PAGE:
AUSTIN – A new well log electronic filing system has reduced the burden on operators and saved both the industry and Railroad Commission thousands of dollars and man-hours in its first six months of use. The system was created as a solution to the cumbersome and outdated print system previously used, which required operators to print hundreds of pages – that they already had in electronic format – and mail them to the Railroad Commission for imaging and processing. Prior to development of this system, the Commission did not have a way to accept the information electronically.

The effort to streamline the burdensome well log filing system came as part of Railroad Commissioner Ryan Sitton’s initiative to implement smart IT solutions. As an oil and gas engineer, and founder of a company that focused on IT solutions for asset evaluation and reliability, Commissioner Sitton understands what taxpayers and the agency’s customers should expect from an IT solution perspective.

“Information Technology solutions aren’t always easy to develop. An entity’s desire for customization and control often leads to poor IT development decisions that don’t solve problems at affordable rates,” Sitton said. “Since joining the Commission I’ve encouraged our IT department to develop affordable, off-the-shelf systems and simple fixes to important problems like the well log issue. As we utilize budget resources this next biennium, I will continue to push for smart IT solutions to increase transparency and efficiency, and to make our IT systems more user friendly for all Texans.”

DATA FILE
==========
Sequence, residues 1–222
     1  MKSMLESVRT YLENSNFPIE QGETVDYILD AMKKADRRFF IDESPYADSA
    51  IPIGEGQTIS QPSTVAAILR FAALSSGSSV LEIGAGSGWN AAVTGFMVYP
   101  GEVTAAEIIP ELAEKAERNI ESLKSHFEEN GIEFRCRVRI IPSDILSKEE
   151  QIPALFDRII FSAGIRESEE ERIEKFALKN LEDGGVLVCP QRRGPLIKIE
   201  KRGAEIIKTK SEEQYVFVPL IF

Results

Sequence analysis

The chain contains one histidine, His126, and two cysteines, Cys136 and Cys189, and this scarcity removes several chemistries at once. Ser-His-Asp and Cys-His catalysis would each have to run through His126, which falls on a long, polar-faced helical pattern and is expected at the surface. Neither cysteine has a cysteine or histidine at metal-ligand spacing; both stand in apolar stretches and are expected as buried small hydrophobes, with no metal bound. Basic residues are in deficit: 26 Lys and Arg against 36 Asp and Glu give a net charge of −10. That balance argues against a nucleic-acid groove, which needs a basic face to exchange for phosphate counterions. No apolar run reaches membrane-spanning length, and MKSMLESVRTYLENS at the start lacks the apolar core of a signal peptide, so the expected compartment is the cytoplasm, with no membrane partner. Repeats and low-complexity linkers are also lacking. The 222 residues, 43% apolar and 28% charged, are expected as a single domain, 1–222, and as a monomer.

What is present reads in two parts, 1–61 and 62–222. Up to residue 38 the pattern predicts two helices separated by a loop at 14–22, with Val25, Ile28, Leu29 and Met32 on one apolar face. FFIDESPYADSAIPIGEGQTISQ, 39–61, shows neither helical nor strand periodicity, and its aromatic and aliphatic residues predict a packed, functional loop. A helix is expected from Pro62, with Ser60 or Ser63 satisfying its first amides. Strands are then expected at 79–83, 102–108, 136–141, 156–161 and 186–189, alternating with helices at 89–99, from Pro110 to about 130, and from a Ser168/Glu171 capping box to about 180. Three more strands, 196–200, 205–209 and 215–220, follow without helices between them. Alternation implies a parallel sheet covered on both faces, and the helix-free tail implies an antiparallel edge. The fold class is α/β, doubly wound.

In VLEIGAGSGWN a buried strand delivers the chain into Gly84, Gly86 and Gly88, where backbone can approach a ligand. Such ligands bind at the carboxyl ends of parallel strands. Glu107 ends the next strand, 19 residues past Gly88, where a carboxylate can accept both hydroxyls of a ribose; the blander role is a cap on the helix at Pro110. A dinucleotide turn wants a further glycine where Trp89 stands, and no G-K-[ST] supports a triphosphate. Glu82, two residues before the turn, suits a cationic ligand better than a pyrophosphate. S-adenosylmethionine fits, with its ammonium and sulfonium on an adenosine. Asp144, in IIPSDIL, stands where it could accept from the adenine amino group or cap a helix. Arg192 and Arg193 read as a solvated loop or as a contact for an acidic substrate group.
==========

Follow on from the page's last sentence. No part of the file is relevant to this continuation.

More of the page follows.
Nearly 30 percent of all well logs filed since the system launched have been submitted online. That number will grow as more operators learn of the time and money they will save as a result of this system.